use.Thermodynamic approaches based on minimum free

energy are theoretically important for Þnding optimal struc-

tures.However,they usually have very high time and memory

complexity,making themimpractical even for sequences of a

fewhundred bases long.Yet due to the lack of proper models

and energy parameters,their results are often not satisfactory

even for short sequences.Comparative approaches are more

reliable on detecting pseudoknot structures,but are typically

done in an ad hoc manner.The only published algorithmthat

we are aware of,the MWM algorithm,is able to produce

meaningful predictions only if the number of homologous

sequences is large so that covariance signals are sufÞciently

strong.This algorithm is vulnerable to noisy data such as

misalignment,since it allows many types of unrealistic inter-

actions to happen and does not take into consideration that

helices are the most frequent structural elements of RNA

structures.

By combining the advantages of both thermodynamic

and comparative approaches,our method is able to predict

RNA secondary structures efÞciently and reliably includ-

ing pseudoknots,using only a few sequences.Although

our method does not compute a theoretically optimal struc-

ture,it sacriÞces some optimality in exchange for forming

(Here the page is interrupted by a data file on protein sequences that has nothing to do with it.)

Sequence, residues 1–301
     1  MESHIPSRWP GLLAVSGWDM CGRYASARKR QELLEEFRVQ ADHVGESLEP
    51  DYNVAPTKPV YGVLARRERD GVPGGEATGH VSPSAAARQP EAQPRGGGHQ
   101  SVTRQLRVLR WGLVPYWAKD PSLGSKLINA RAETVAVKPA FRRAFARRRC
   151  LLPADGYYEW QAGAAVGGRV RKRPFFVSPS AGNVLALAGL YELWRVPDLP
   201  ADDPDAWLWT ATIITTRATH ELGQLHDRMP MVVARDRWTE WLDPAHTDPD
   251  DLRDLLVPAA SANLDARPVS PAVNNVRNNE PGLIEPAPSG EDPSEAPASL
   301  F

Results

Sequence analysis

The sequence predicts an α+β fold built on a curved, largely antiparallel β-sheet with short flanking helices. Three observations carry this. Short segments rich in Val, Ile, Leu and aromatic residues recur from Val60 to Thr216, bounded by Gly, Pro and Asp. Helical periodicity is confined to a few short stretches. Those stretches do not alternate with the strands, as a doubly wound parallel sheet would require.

stable helices.It turns out that this compromise signiÞcantly

improves the overall prediction accuracy,especially in the

cases where data is relatively insufÞcient for methods such

as MWM to produce reliable predictions using unrestricted

models.

64

Prediction of RNA secondary structures with pseudoknots

Table 3.Summary of prediction results on individual RNA sequences

RNA MWM PKNOTS ILM

T P(SS) SP K T P(SS) SP K T P(SS) SP K

HIV-1-RT 11 (100) 84.6 1/1 11 (100) 100 1/1 11 (100) 100 1/1

TYMV 24 (100) 63.2 1/1 24 (100) 96.0 1/1 24 (100) 82.8 1/1

TMV-3

-up 17 (68.0) 41.5 1/3 13 (52.0) 59.1 0/3 20 (80.0) 80.0 2/3

TMV-3

-down 25 (73.5) 49.0 0/2 33 (97.0) 97.0 2/2 26 (76.5) 68.4 1/2

HDV 19 (67.8) 45.2 0/1 24 (85.7) 75.0 1/1 28 (100) 82.4 1/1

Anti-HDV 17 (70.8) 38.6 1/1 23 (95.8) 69.7 1/1 24 (100) 66.7 1/1

T P,SS,SP and K are deÞned in Table 2.

Table 4.Comparison of CPU time and memory usage for each algorithm

Sequence

length

(nt)

MWM PKNOTS ILM

CPU

time (S)

Memory CPU time Memory CPU

time (S)

Memory

86 0.02 448 KB 16.4 min 40 MB 0.02 468 KB

210 0.13 532 KB 102 h 1.2 GB 0.14 620 KB

1542 40 5.0 MB Ñ Ñ 306 9.8 MB

Running time of the MWMand the ILMalgorithminclude the preparation of the score